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Born in Lausanne in 1865, Vallotton (1865–1925) studied in Paris and became closely associated with the Nabis artists’ group, which also included Edouard Vuillard and Pierre Bonnard. Vallotton worked as an illustrator and journalist, and also wrote plays that – like his paintings – were highly provocative and critical of bourgeois conventions. He lived in Paris during the Belle Époque – a society oscillating between the poles of decadent spectacle and severe economic depression. Having risen to the ranks of the bourgeoisie through marriage, he then turned his unsparing gaze on the double standards of the Parisian bourgeoisie, the raging battle of the sexes and the new self-assurance of women. In his paintings and prints he exposes his protagonists by placing them in carefully constructed, stage-like settings.

Vallotton’s nudes and interiors depict scenes of exposure and adultery, concealed by heavy curtains and surrounded by knickknacks and cheap ornaments; his protagonists are caught up in a tightly woven net of betrayal and oppression. In stylistic terms, it is above all the artificiality of his subjects that makes his works so unsettling: still lifes characterised by fields of intense colour, empty landscapes defined by bold chiaroscuro, and portraits painted with uncustomary harshness.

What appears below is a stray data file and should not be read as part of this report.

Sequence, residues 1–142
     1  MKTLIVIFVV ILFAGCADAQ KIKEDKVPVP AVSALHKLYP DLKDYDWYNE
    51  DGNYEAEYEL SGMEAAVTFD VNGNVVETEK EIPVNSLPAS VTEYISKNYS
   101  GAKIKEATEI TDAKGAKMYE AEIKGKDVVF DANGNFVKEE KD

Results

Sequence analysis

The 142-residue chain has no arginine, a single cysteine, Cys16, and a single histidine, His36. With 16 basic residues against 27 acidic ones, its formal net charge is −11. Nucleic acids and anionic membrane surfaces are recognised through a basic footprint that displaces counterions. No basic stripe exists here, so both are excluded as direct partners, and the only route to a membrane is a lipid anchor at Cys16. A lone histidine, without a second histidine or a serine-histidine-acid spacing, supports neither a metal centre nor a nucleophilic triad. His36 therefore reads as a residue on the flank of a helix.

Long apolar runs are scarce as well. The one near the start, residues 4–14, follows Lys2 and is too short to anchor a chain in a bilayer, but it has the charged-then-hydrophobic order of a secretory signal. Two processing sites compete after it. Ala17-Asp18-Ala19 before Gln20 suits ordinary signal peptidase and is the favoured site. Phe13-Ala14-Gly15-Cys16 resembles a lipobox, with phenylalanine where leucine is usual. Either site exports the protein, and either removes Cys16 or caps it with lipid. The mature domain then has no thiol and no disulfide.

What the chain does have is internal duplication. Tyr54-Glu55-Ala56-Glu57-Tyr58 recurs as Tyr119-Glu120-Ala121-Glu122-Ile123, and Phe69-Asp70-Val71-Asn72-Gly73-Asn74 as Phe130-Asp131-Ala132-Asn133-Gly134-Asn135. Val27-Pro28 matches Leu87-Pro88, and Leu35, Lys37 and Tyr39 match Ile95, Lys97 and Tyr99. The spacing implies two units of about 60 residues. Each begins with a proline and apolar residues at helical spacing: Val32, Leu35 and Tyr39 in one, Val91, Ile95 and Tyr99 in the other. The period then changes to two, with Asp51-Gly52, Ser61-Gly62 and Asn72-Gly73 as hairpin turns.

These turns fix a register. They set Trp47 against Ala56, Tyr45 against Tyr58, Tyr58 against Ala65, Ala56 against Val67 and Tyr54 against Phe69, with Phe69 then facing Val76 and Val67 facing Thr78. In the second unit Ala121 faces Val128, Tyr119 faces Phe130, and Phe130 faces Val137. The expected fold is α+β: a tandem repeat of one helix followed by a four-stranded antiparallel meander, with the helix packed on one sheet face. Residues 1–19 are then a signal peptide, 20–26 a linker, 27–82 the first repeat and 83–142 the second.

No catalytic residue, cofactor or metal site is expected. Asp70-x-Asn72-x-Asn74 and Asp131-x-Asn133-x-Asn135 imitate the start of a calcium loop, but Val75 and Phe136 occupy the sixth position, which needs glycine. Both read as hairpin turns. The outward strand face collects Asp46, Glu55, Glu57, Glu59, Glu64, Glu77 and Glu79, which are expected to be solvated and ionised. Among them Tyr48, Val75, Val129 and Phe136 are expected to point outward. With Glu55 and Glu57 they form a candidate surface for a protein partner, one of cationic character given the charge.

In their veiled eroticism and starkly realistic style of painting, Vallotton’s nudes are surprisingly modern. For his contemporaries, Vallotton’s open depiction of the conflict between human desire and moral codes, his complex atmospheric weave of distance and proximity, often overstepped the boundaries of acceptability. He surveyed his naked models in an almost psychoanalytic manner, portraying them realistically — and sometimes unflatteringly — with a slight squint, unevenly shaped breasts or a low hairline. In 1936, the collector Hedy Hahnloser-Bühler commented upon Vallotton’s portraiture: “Nobody was keen to be dissected by that unrelenting eye, so careful not to leave any physical or moral blemish unseen.”